Chinese fintech giant Ant Group was due to go public on Thursday in the largest IPO in history. Now, those plans are on hold after Chinese regulators torpedoed the listing at the eleventh hour.
Regulators cited “changes to the financial technology regulatory environment and other major issues” for suspending the Ant Group IPO.
A consultation paper, published on Monday by regulatory officials, requires micro-lenders to provide more capital for loans. This would have a significant bearing on Ant Group’s business model.
Ant Group, which operates the digital payments platform Alipay, had been due to complete a dual listing in Shanghai and Hong Kong for a record $37bn. The move was seen as a response to prolonged tensions between Washington and Beijing. The billions of dollars it was set to bring into China was seen as a sign of the country’s growing position on the global technology stage.
But on Tuesday night the Shanghai Stock Exchange suspended the listing. Ant Group subsequently withdraw its filing for the Hong Kong Stock Exchange.
Liu Guoqiang, deputy governor of the People’s Bank of China (PBOC), told reporters that the IPO block was “about maintaining stable, healthy market development in the long term”.
Investors and analysts see it as a move by the Chinese Communist party to curtail the power of Ant Group chairman Jack Ma. The self-made billionaire entrepreneur heads up a tech empire that includes e-commerce giant Alibaba.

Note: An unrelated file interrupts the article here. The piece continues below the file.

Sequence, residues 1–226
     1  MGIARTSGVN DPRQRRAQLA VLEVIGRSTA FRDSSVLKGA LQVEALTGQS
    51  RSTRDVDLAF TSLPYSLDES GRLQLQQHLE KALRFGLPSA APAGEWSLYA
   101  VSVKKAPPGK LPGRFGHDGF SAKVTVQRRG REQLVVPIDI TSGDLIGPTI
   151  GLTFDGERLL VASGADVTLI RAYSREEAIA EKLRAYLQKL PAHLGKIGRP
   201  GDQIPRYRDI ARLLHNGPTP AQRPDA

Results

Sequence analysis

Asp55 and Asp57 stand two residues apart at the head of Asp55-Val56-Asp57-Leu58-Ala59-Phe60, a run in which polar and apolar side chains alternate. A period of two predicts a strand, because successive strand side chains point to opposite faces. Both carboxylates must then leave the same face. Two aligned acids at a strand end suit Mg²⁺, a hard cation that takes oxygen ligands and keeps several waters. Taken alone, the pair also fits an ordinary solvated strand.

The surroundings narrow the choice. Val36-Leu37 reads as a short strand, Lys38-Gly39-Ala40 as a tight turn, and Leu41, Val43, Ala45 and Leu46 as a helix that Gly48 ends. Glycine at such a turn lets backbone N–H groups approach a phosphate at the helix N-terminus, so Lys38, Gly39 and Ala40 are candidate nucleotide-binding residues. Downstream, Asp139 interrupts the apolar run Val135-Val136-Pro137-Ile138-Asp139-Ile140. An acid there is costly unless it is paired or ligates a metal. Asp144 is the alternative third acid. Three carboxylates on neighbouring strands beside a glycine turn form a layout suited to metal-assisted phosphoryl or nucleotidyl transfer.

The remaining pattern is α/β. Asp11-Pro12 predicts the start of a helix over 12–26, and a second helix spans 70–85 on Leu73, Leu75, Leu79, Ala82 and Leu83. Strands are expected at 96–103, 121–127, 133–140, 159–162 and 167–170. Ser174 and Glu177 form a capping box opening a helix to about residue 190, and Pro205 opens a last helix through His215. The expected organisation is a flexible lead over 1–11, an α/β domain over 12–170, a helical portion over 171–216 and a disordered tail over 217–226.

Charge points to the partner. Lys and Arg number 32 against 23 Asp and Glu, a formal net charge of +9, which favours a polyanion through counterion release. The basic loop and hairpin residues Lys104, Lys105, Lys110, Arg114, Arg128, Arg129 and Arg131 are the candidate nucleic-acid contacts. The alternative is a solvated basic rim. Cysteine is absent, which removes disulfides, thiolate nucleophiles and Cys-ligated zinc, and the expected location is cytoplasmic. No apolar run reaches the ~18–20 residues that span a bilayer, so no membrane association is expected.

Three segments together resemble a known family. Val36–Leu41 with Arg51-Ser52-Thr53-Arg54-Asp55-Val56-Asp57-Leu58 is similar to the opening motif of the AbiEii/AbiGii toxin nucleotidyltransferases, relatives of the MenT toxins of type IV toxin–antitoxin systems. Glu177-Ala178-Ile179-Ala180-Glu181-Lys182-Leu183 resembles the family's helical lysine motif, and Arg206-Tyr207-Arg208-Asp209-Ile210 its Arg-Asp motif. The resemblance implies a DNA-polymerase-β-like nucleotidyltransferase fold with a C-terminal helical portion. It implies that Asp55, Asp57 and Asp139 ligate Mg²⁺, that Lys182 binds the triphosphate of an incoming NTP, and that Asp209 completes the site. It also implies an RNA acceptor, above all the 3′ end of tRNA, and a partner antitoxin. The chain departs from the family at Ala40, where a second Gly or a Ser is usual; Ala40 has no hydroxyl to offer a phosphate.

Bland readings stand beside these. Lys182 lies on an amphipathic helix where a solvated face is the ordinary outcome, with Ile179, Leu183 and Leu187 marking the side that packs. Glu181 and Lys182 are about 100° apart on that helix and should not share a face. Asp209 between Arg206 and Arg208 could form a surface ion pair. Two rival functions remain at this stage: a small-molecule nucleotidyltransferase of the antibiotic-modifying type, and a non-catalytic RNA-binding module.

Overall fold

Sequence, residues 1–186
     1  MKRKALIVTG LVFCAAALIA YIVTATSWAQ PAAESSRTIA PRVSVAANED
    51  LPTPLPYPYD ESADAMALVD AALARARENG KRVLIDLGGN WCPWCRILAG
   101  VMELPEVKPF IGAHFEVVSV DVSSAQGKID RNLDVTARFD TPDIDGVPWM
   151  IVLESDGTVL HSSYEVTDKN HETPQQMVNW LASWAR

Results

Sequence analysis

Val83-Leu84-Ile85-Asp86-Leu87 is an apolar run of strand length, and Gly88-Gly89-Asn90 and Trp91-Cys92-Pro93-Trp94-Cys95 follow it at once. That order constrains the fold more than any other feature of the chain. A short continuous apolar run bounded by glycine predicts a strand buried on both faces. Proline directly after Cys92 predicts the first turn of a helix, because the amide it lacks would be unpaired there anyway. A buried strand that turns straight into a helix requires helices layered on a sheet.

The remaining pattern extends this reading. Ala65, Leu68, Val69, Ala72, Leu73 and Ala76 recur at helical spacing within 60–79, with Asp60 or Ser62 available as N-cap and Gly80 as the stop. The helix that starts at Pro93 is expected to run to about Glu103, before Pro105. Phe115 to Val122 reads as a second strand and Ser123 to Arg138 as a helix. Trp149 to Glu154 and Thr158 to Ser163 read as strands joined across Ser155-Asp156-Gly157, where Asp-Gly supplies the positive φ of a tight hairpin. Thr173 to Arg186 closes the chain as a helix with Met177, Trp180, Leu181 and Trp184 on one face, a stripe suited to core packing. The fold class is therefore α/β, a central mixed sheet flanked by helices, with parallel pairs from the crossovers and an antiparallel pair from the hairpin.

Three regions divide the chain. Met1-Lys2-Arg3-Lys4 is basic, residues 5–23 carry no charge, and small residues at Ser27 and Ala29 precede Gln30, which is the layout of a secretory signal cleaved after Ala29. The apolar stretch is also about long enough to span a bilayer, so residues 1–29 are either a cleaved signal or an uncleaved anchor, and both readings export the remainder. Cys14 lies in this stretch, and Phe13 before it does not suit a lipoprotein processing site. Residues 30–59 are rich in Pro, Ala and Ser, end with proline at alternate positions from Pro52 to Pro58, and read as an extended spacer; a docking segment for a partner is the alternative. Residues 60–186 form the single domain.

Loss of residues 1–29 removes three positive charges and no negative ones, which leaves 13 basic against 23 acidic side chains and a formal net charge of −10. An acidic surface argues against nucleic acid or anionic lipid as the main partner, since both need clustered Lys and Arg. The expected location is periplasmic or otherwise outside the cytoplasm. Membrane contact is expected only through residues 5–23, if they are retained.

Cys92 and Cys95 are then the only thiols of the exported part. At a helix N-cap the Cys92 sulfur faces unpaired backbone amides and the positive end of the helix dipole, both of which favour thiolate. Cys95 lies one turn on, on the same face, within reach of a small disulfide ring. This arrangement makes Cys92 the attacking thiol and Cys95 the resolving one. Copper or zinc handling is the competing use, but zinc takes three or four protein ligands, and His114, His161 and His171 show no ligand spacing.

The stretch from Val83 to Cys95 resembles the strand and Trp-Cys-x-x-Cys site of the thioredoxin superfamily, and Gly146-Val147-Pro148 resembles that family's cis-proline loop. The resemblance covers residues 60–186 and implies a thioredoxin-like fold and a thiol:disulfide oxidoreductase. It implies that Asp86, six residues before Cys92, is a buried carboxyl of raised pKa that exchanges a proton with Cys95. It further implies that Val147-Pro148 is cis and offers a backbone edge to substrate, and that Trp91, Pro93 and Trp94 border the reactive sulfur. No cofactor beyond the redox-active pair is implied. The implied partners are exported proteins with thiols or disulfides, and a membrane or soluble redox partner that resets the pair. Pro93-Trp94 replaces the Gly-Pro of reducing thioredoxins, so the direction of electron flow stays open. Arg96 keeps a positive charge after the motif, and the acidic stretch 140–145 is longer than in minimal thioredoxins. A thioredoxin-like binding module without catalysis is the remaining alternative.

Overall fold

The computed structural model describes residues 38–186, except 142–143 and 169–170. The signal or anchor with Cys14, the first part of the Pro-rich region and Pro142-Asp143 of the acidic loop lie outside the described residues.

Ant Group, which is affiliated to Alibaba, is seen as the crown jewel of his companies, with its digital payments platform serving over one billion people.
Some have pointed to comments Ma made on 24 October during a Shanghai summit attended by China’s political establishment as the catalyst for regulators blocking the Ant Group IPO.
“We shouldn’t use the way to manage a train station to regulate an airport,” Ma said. “We cannot regulate the future with yesterday’s means.”
Reuters reports that the speech led to senior political officials asking Chinese regulators to review Ant Group’s businesses.
Lawyers for Ant Group said the company would have to submit a new IPO prospectus in Hong Kong. This could take at least six months, they said.
There had been a huge demand from investors to grab a slice of Ant Group in an oversubscribed IPO that put its valuation at $315bn, which would have made it Asia’s fifth most valuable firm.
One side effect of the IPO freeze means that investor cash locked up in the listing is now freed up to be invested in other ventures in Asia.
The Ant Group IPO suspension saw Alibaba shares fall by 2%, despite reporting above-expectations quarterly results on Thursday.
Ant Group and analysts are confident that the IPO will happen eventually, although it will have to be repackaged and will likely be at a lower valuation.